en zh es ja ko pt

Volume 27, Number 3May/June 1976

In This Issue

Back to Table of Contents

The World of Islam

Architecture in Arabia

Written by John Sabini
Photographed by Peter Keen

The Ka'bah is the physical center of Islam. A cubic structure built, according to the Koran, by Abraham and his son Ishmael at Mecca as the first sanctuary on earth, it is the center of the Islamic Pilgrimage and the point towards which all Muslims everywhere turn to pray. It is fitting, therefore, that it should be represented in the World of Islam Festival, and a model of the Sacred Mosque in Mecca with the Ka'bah at its center is part of the exhibition "Mecca and Medina: Islamic Architecture in Arabia" at the Royal Institute of British Architects in London.

Prepared by the Ministry of Education of Saudi Arabia, the exhibition also contains models—all on a scale of 1:150—of the Prophet's Mosque at Medina, the second most holy spot in Islam, and Qasr al-Masmak, a fortress in Riyadh that is closely associated with the history of Saudi Arabia. The Prophet's Mosque was originally built by Muhammad as his home in Medina and became the first mosque in Islam. It contains his tomb and is visited by hundreds of thousands of Muslims yearly as an act of respect and piety.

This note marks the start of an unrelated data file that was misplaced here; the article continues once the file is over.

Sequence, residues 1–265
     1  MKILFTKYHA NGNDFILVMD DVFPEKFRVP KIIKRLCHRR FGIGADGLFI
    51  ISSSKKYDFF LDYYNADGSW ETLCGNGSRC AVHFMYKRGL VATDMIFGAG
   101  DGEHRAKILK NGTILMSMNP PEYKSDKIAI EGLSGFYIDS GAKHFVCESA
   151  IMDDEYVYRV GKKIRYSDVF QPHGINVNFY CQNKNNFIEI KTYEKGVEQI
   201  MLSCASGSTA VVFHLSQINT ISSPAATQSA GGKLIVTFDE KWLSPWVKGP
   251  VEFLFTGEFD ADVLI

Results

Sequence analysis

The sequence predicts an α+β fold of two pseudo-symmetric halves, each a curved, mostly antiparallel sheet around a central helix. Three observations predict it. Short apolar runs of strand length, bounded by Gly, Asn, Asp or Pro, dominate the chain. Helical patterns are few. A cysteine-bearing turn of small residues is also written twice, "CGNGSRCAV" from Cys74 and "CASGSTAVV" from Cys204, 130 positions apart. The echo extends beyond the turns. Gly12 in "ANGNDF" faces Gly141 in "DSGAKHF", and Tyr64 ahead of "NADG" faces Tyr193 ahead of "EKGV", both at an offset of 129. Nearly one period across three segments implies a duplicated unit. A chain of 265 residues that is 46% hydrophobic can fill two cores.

The fortress of al-Masmak is typical of Arabian military architecture of the 19th century, with its thick mud walls and watch towers. Amir—later King—'Abd al-'Aziz ibn Sa'ud captured it in 1902 in a daring dawn raid with only a few companions, a major step toward the founding of the Kingdom of Saudi Arabia. The point of the lance of one of 'Abd al-'Aziz's men is still embedded in the wooden door of the fortress.

In photographs, the exhibition evokes another important site in the history of Saudi Arabia: the ruins of al-Dir'iyah, the ancestral home of the House of Sa'ud. There are also a map showing the cisterns and rest houses along the route improved by Zubaidah, the first wife of the Caliph Harun al-Rashid, from Baghdad to Mecca in the ninth century A.D., an audiovisual projection showing the two holy mosques in use, and a display of books and publications on Arabian architecture and the European exploration of Arabia.

This article appeared on pages 19-21 of the May/June 1976 print edition of Saudi Aramco World.


Check the Public Affairs Digital Image Archive for May/June 1976 images.